I find a couple of candy wrappers
and carry the gecko home
put some rocks in the cracked yellow recycling bin
a hiding place a low plastic dish for water
use the worm scraps for insects
a little rug of mud leaf dry grass mulch dirt and compost
and as I’ve planned to take it the Vivarium later
so they could identify my reptile and what it needed

but I then I leave with the dogs
come home to find it
not hidden under my crude cave as it was earlier
in the sun no longer moving at all

I pull out the pitchfork find a patch of dirt I can stab
and turn over as I’m looking at it now for the first time really
gecko limbs pulled back against its body
gray green white belly design
alligatored scales diamond shaped head
eyes open to another world

—Tobey Kaplan


Chanco had endless rows of white houses made of adobe
with thick terracotta shingles.
Old eucalyptus trees, taller than 50 feet, formed a natural barrier
between the Pacific Ocean and the village.
The people made a living producing wine and cheese.
As a child I ran through the eucalyptus forest to the ocean
in a race with my half sibling.
Small roads of red clay covered by generations of fallen leaves
made for a cushioned walk for our sandals and bare feet.
I always won all the races.
Then, on the ocean, there would be another race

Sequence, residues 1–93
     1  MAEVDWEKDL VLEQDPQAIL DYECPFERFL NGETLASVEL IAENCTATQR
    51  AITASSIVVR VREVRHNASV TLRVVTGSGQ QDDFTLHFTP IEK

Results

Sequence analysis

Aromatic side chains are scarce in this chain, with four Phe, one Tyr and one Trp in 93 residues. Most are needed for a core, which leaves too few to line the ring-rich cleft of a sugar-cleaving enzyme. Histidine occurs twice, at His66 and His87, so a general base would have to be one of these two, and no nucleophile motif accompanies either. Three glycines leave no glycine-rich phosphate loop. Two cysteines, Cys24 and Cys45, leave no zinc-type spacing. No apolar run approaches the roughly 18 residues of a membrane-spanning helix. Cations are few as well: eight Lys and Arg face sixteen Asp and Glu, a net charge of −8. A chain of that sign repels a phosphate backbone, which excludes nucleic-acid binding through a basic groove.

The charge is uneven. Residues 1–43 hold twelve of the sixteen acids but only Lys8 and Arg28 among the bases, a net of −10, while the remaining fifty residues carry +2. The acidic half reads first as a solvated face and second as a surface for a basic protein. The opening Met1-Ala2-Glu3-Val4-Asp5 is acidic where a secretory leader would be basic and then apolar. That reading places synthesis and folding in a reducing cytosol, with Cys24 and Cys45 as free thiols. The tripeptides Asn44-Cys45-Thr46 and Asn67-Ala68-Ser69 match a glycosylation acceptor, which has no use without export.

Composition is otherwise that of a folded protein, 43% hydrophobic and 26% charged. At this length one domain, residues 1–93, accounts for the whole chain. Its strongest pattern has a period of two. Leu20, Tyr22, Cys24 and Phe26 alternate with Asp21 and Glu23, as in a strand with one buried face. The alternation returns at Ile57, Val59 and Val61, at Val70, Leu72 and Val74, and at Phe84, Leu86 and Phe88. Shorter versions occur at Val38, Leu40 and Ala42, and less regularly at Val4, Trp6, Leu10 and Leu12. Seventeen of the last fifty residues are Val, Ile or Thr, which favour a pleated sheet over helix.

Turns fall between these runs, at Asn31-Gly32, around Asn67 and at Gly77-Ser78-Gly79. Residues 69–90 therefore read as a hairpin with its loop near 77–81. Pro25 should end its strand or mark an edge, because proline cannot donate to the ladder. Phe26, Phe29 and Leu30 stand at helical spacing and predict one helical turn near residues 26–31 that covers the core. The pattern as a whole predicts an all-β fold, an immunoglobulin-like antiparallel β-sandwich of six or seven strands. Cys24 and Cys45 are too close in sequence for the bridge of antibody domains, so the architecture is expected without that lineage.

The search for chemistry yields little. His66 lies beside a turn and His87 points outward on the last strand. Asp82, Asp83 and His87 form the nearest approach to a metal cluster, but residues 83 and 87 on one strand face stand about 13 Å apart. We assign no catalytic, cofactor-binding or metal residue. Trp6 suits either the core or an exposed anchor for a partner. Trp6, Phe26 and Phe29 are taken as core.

to get rid of our clothes
and be the first to jump into the water.
My mother would open a basket filled with bread, hardboiled eggs,
cheese, blackberries picked by our own hands
and soda, spreading an old yellow tablecloth out on the sand.

Meanwhile Clemente would cut the watermelon he carried
from the house to the beach.
In Santiago things were different.
The day of the Coup, Mr. Monzalves visited us.
He sat on a sofa in our living room beneath a print of Picasso’s “Guernica”.
My grandfather occupied one of the loveseats.
Later I came to know that Mr. Monzalves worked for DINA
(National Department of Intelligence).
My grandfather did not talk about what Mr. Monzalves said,
but it was clear that he knew that my grandfather
was a sympathizer of Allende and that he had come to deliver a warning.
Just before I left Chile the last person I met from the Front,
in Santiago was my commander.
His real code name was Wolf.
I told him I was planning to leave the country because I could not
avoid the surveillance anymore and my good friend,
the lawyer Insunsa, had arranged for me to go to Sweden or France.

The Swedes were fond of Latin America’s cause of liberation,
he had said, and they had been receptive to Chileans
from the beginning of the Coup.
Sweden is too far, go to the South, I can’t, my family lives there,
I told him.
He wanted to schedule a last rendezvous before my leaving.
I explained that it was exhausting to get to him in my condition.